An award of The USA Hockey Foundation, the Patty Kazmaier Memorial Award is presented annually to the top player in NCAA Division I women’s ice hockey.
By the time she was 13, Emerance Maschmeyer had locked in on a dream: She would play hockey for Harvard University.
It’s a long way from her hometown of Bruderheim, Alberta, to Harvard in Cambridge, Mass. — with plenty of hurdles in between — but Maschmeyer was determined.
Her older sister had received a scholarship to play hockey in the United States, at St. Lawrence University in Canton, N.Y., so Maschmeyer already was thinking about crossing the border for college.
Then when she became a teen, she went to New England with the boys’ team she was on to compete in a youth tournament. Part of that adventure included a tour of Boston-area universities. At Harvard, it was love at first sight.
“I remember telling my mom, ‘I want to come here one day,’ ” said Maschmeyer.
Her mother encouraged her, but laid out the realities.
“My parents … they treated us like little adults,” Maschmeyer said. “They set it out and they told me, ‘You have to get good grades if you want to come.’ I knew for a while that I had to work on my school and hockey if I wanted to get to where I wanted to go.”
Today, Maschmeyer is a junior at Harvard, having cleared all those academic and athletic hurdles to land in a Crimson uniform. She’s also one of the best goaltenders in NCAA Division I women’s hockey.
As a sophomore, she was co-Ivy League Player of the Year and a second team All-America selection. She finished 10th in the nation in goals-against average (1.75), was fourth in save percentage (.943) and was a top-10 finalist for the Patty Kazmaier Award as the nation’s best player.
This season, she ranks No. 8 in the nation in goals against (1.55) and seventh in save percentage (.937) for Harvard, which is 21-5-3 and ranked No. 4 in the nation.
It’s been another big season for Maschmeyer, who’s known as “Em” or “Masch” by her teammates. She’s 12-4-3 and had won nine of her last 10 decisions going into this past weekend, when she gave up just two goals yet took a tie and a loss as Clarkson University beat Harvard 1-0 and St. Lawrence tied the Crimson 1-1.
Included in that hot streak was a 3-2 victory over then-undefeated and No. 1-ranked Boston College in the Beanpot tournament championship on Feb. 10. Maschmeyer was selected tournament MVP after making 30 saves in the championship game. She withstood a late-game attack by the Eagles, who pulled their goalie for an extra attacker.
“It’s kind of a blur now,” she said, laughing. “There were so many bodies in front of the net and every time the puck would go out to the point, I could hardly see because there were so many bodies. It was quite the battle. … But, yeah, crazy last couple of minutes.”
It also was a sweet victory for Harvard, which had lost 10-2 to B.C. in November. In that one, Maschmeyer had made 26 saves — but allowed five goals. Since then, she’s allowed more than one goal in a game just twice, including the Beanpot championship game.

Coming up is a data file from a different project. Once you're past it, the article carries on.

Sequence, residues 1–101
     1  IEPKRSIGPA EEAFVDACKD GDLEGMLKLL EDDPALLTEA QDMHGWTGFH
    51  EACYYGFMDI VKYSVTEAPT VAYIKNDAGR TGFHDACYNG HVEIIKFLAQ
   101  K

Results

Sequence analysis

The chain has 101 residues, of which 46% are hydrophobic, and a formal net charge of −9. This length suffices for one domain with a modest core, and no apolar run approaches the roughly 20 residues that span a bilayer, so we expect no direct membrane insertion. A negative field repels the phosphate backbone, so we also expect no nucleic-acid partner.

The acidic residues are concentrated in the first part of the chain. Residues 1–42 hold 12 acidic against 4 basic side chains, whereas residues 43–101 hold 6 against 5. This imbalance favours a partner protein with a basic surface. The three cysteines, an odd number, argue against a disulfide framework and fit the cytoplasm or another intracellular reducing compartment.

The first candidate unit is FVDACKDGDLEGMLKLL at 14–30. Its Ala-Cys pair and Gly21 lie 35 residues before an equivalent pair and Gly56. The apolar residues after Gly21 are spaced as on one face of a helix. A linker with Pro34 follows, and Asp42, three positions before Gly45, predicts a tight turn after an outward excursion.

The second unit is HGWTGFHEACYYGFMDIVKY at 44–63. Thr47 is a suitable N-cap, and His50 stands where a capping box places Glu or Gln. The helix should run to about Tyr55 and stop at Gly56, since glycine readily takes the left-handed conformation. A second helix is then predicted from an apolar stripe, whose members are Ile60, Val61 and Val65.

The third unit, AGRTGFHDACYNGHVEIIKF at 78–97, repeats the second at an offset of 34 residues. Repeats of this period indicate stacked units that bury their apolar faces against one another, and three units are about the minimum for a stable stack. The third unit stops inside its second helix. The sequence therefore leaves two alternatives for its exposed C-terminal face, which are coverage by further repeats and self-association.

“The last time we played them, that was our worst game of the season, by far,” she said. “I think that shows a lot about our team’s character, coming back and not letting that last game get to us. It showed us how much strength we have and how far we’ve come this season.”
Back home in Alberta this past summer, she worked hard to improve. She met with a personal trainer off the ice to improve her explosiveness and quickness, using agility and reaction drills. She also met once a week on the ice with a goalie trainer “to tune up” her game.
She believes one of her strengths in goal is her mental approach and her “bounce-back ability.”
“If something isn’t going right in the game I usually can stop that,” she said. “I know how hard I’ve worked … so my confidence is my biggest asset.” And, as in the Beanpot victory, she can recover after giving up an early goal.
“You just have that short-term memory loss,” she said. “You need to forget about it quick and move on and stop the next shot.”
Emerance — she says her parents made up the name from a combination of her great grandmother’s name (Emma) and her mother’s love of emeralds — has had quite a bit of experience in the Canadian women’s national program. In 2012, she shut out the U.S. in Canada’s 3-0 victory in the final of the IIHF Under-18 Women’s World Championship. In November, she was selected to the Canadian senior national team for the first time and played in the Four Nations Cup. She was 2-0 in four games, with wins over Sweden and Finland. She gave up just one goal and made 23 saves. She hopes to make the Canadian Olympic team for the 2018 Winter Games in South Korea.
Before that, however, Maschmeyer (who’s majoring in sociology with a minor in economics) still has a year and a half to enjoy studying and playing at Harvard — her dream school.
Story from Red Line Editorial, Inc.
Photo by: Elan Kawesch/Harvard University
Saturday, March 21, 2015
McNamara Alumni Center- University of Minnesota
10:30 a.m. – noon